California has started allowing landlords to sue in small claims court and lifted the restrictions on the size of the claim brought for hearing. This is an option for landlords who own relatively few or small properties and rely on rent payments to survive. It’s important to keep in mind, though, that landlords are unable to charge interest or add late fees to the monies owed by tenants unable to make payments due to Covid from the period of March 1, 2020, to September 30, 2021.
3. Monitor the Evolving Status of the Bans and Moratoriums
The changes in which restrictions are being lifted or remaining in place are often happening without much advance notice. So, it’s vital to keep checking with your local representatives, health departments and courts. Find out when these changes do occur so you can take the necessary action when allowed. Landlords and property owners who stay vigilant and attentive to the latest updates in the laws can act quickly. Maintaining membership in an organization such as the Apartment Association of Greater Los Angeles will prove to be a valuable resource when it comes to staying updated on ever evolving regulations.
4. Keep Communicating Openly With Tenants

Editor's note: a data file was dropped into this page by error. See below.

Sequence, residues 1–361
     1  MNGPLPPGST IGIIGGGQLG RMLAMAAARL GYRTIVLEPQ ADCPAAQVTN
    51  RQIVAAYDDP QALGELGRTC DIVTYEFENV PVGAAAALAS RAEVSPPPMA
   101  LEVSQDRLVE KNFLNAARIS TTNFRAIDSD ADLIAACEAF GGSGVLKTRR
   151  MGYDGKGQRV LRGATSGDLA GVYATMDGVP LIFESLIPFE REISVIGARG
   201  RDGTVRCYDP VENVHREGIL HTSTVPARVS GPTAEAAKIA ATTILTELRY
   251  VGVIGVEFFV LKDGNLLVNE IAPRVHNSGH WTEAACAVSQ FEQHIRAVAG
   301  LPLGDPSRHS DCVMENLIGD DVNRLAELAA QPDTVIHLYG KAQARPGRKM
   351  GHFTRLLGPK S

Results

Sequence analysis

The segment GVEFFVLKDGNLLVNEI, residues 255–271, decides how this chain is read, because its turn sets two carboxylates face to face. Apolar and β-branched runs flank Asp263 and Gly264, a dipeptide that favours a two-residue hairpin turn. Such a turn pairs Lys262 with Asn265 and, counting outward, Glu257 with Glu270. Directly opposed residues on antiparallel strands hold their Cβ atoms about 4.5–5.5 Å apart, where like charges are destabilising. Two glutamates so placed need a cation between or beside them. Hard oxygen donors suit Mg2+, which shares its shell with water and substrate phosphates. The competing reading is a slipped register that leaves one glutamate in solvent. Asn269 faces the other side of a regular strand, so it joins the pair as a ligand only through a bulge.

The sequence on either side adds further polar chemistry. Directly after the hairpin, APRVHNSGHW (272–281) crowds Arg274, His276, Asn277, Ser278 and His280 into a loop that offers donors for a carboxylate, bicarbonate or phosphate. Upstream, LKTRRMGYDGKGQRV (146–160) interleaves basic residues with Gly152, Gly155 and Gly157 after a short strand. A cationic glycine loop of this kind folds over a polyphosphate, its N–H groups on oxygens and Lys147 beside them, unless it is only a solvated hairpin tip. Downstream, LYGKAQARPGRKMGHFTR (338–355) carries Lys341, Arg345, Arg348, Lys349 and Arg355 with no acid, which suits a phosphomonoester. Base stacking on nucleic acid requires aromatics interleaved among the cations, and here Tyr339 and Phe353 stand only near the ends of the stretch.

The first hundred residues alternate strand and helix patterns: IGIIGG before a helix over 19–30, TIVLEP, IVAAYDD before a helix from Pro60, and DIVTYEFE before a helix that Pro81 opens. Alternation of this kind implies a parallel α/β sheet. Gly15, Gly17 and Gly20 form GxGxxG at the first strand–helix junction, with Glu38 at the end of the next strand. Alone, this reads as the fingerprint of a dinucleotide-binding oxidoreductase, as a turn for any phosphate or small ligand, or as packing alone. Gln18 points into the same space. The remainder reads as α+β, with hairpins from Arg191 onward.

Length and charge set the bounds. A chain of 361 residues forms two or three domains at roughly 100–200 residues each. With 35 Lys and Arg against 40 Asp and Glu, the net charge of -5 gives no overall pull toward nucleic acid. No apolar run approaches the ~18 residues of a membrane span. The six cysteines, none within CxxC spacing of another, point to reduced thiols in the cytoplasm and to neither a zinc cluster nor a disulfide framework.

As always, the best course of action for property owners and landlords is to maintain an open line of communication with tenants. When landlords are upfront and honest with tenants, they’ll have the same courtesy toward you. When working together, solutions are often much easier to reach. Tenants typically want to be responsible and pay what is owed, and a good landlord is firm but understanding about back rent being paid and future payments being on time.
It may still be a difficult time for landlords and property managers to maintain their livelihoods as eviction bans and moratoriums persist. However, they’re not powerless. Pursuing any of these options can help them keep the lights on—for themselves and for their tenants.
Ari Chazanas is the Founder and Chief Executive Officer of Lotus West Properties, a boutique property management firm based in West Los Angeles. You can reach them at (323) 487-2650 or via email at firstname.lastname@example.org. Mr. Chazanas serves as a member of the Board of Directors of the Apartment Association of Greater Los Angeles.